I recently heard that when a first responder was approached with the possibility of getting dementia training to enable him to take care of someone with dementia, the first responder said, "I don't need that, they are out of it"...So I assume this first responder believes that a person with dementia would not be afraid, or become aggressive because of fear. That they don't recognize the expression on your face when you think they are "crazy" and not worth worrying about.
This is what we are about! This is what we are here to change!
People with dementia are as deserving of consideration and respect as anyone else, In an emergency situation they will require a little more compassion and kindness because they do recognize something to fear even if they can't respond the way the rest of us would.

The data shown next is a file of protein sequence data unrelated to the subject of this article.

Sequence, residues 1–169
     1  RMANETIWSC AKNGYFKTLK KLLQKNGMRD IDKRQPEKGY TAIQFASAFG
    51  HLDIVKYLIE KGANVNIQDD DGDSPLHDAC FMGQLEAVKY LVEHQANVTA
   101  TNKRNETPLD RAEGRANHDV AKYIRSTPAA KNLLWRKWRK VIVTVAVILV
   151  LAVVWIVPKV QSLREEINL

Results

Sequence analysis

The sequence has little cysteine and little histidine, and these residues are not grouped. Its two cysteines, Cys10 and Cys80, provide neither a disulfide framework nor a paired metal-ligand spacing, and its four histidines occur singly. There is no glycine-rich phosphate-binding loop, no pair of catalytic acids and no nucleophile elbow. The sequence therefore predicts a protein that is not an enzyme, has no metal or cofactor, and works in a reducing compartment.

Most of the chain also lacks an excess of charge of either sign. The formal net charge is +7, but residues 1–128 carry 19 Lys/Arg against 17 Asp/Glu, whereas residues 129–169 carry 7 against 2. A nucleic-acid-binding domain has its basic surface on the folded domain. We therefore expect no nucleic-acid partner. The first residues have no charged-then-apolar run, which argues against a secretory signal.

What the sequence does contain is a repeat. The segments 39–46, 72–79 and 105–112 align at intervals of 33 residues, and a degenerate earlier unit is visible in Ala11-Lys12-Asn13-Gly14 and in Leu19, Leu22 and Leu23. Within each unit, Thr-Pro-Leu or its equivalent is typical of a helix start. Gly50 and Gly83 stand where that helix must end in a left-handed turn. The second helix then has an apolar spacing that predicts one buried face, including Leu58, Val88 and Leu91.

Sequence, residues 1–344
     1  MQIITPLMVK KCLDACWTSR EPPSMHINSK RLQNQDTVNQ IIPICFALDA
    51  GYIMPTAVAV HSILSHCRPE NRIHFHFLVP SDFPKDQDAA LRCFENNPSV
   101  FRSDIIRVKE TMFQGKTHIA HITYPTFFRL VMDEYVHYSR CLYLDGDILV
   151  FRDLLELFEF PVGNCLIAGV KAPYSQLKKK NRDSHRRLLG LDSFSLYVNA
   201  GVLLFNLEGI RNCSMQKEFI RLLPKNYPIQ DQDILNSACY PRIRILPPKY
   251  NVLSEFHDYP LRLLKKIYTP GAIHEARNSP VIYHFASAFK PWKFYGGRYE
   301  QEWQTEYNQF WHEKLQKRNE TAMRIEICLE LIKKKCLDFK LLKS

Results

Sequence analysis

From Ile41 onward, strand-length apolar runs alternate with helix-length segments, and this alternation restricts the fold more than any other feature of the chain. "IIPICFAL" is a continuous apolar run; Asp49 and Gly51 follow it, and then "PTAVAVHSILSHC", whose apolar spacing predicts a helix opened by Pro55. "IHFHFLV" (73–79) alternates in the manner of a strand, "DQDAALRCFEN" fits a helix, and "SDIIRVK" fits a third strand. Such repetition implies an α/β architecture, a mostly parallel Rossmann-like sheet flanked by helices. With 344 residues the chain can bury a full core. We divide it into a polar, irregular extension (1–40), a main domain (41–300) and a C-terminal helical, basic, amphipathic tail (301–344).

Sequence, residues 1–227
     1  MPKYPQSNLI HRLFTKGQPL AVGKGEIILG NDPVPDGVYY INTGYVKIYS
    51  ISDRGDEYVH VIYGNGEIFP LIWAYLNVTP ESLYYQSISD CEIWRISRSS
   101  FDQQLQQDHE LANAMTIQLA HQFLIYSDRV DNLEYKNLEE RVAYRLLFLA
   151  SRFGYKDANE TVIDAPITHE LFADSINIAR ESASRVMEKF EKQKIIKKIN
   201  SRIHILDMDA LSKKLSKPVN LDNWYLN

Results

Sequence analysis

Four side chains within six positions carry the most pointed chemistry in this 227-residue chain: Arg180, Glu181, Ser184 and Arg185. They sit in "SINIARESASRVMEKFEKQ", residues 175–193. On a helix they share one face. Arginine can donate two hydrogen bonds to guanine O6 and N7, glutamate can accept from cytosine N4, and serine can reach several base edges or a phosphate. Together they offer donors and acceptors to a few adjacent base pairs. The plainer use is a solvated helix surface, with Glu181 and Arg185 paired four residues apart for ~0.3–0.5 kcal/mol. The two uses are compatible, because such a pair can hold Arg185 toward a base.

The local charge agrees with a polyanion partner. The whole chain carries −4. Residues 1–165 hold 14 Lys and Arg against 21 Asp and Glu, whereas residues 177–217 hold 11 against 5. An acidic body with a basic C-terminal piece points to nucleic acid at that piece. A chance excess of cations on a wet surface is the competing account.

If you are a first responder please get some training. If know a first responder, please encourage them to get some training about the best ways to approach a confused person. Please learn about the diseases that cause dementia and don't be so off handed about it...chances are you will one day be walking in their shoes! Many of us will find ourselves with one of the diseases that cause dementia. That doesn't change who we are or what we have done in our lives, it changes how other people treat us.
If you haven't already had our Purple Cities training, take 15 minutes and get it! Or go get it somewhere else. There are resources everywhere to learn what everyone needs to know. PLEASE, help us make the world a safe, comfortable place for people with dementia. Stop laughing, dementia is not a joke!